In other words, for the price of a bus ticket to Tijuana, Laredo, or Matamoros, Mexicans living in the United States illegally but peacefully and responsibly would be offered a chance to come out of the shadows and get what has been demanded by much of the left. Citizens of more distant countries would require somewhat more expensive travel arrangements, but charter flights for the masses of people needing to touch down in El Salvador, Guatemala, or even China, before flying right back would not be prohibitively expensive.

The program might even include a requirement to not take advantage of various government programs available to citizens and legal immigrants.  After all, the cost to federal, state, and local governments of the average illegal immigrant family is reckoned by the Heritage Foundation at more than $14,000 per family – “$24,721 in government benefits and services while paying some $10,334 in taxes.” Agreeing, for instance, not to participate in food stamps, would not be an unreasonable requirement in return for legalized residency.

Would this be acceptable to those Americans who have all along been quietly outraged by mass violation of our borders? If coupled with Trump’s promise to rapidly build a wall, it answers the gut level objections that many people, including me, have about rewarding the violation of our sovereignty. And if the program clearly offered the possibility for people working in the United States under its terms to return home and legally re-enter the United States, I suspect we would see a lot of families opt to raise their children in their home country environments, with the working parent residing in the USA and coming home periodically.

For one thing, it is much cheaper to raise a family in the poor countries than in the USA. The main reason why families follow the breadwinners across the border is that re-entry into the U.S. is so difficult and dangerous if the breadwinner goes home to visit them. And the hard truth is that for many it would be seen as be safer and more pleasant to raise a family at home in, for example, Mexico’s Jalisco State than in a violent gang-ridden Los Angeles or Chicago slum.  The families would have a higher standard of living, and the cost to American taxpayers of educating children and supplying medical services to family members would be reduced.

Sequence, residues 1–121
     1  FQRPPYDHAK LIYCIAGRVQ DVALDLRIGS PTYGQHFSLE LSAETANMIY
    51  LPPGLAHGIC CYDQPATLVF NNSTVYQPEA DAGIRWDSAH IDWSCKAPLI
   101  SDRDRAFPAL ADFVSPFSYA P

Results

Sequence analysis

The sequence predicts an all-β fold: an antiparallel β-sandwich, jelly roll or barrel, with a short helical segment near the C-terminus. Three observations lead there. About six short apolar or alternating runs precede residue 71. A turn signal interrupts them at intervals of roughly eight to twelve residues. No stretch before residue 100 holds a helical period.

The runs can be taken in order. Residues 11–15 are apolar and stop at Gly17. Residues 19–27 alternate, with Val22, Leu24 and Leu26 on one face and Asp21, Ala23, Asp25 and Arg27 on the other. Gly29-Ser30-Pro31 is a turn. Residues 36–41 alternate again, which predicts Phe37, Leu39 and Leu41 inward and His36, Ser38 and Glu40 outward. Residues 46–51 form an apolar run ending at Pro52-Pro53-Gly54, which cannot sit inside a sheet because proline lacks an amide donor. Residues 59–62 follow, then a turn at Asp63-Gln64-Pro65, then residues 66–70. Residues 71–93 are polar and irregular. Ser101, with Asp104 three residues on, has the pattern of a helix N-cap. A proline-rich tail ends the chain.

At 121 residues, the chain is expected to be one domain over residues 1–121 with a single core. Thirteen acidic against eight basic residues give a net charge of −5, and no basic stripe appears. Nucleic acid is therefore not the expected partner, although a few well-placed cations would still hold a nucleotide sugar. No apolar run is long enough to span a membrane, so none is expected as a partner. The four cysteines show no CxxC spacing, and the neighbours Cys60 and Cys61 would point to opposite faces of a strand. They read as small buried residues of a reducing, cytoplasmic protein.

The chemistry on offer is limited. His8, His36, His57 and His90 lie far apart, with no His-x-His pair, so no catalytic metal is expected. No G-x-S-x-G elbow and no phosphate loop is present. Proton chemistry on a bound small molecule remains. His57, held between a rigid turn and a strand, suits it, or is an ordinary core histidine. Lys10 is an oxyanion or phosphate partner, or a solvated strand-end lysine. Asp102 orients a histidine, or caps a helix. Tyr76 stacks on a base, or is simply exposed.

The topic of the Fourteenth Amendment birth citizenship was addressed ably yesterday on these pages, by blogger Newsmachete.  But I must note that Bill O’Reilly in the video embedded above mischaracterized the Constitution’s provision.  O’Reilly states at around 2:00 on the video that the 14th says that “if you’re born here, you’re an American.” What it actually says is:

“All persons born or naturalized in the United States and subject to the jurisdiction thereof, are citizens of the United States and of the State wherein they reside.”

What do the words “and subject to the jurisdiction thereof” mean? Ultimately the Supreme Court will have to decide that, if an attempt is made to deny citizenship to babies born to parents in the United States illegally. But the words might well be construed to exclude them.

It is not quite as black or white as Bill O’Reilly and many others assume, and pressing the case would not require amending the Constitution.